The Last Boat Home, or, Panic on Rannoch Moor
(to be sung, ballad style, to a lilting Scottish tune)
Heading uphill to Rannoch Moor,
the petrol light came on.
There was petrol not too far away:
behind me – at Tyndrum.
What to do? It wasn’t far.
I could easily choose to turn,
but if I went back and took the time
I’d miss the last boat home.
When in doubt, my motto is,
always keep moving on.
Twenty-four miles to Glen Coe:
that shouldn’t take me long.
I ploughed ahead, behind a bus,
willing myself to calm.
Surely it was worth the risk,
to catch the last boat home?
I fixed my gaze on the petrol gauge,
steadily creeping down.
By the edge of Glen Coe it was south of left,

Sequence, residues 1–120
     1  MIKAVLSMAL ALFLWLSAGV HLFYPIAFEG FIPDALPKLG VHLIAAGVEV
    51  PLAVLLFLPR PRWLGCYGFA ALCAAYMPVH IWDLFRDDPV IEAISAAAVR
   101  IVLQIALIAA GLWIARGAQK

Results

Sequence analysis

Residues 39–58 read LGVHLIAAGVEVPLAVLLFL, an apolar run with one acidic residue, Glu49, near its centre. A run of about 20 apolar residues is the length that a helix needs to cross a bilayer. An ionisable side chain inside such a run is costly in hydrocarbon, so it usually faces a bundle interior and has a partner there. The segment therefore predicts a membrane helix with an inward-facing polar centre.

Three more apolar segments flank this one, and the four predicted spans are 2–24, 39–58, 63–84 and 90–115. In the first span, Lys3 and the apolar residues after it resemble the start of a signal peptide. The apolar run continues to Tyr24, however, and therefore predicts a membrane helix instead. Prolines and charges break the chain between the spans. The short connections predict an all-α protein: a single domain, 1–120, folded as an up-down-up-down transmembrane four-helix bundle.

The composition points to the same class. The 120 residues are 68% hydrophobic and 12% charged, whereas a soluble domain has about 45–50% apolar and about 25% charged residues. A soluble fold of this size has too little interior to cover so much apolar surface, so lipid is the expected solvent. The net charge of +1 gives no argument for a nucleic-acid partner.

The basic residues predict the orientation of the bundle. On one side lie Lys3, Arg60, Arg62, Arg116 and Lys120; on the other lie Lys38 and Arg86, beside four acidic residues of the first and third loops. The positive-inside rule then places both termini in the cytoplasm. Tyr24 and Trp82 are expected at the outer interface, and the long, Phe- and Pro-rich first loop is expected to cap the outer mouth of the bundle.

I was driving on the fumes.
A wind arose and shook the car,
The rain came pouring down.
I really began to doubt that I
could make the last boat home.
A petrol station saved my hash,
and I filled her up and went on
The wind and rain began to lash,
but I drove my poor car home.
Across Corran ferry, the last dash back
with only an hour to go.
I drove like a fool through tempestuous air,
and arrived in Lochaline with minutes to spare,
but I caught the last boat home.
Yvonne Marjot is a British-born New Zealander living on an island off the west coast of Scotland. So far she’s self-published four e-novels to Amazon for Kindle, and won the poetry award at Britwriters Awards 2012. Her first volume of poetry, The Knitted Curiosity Cabinet, has just been published by Indigo Dreams Publishing.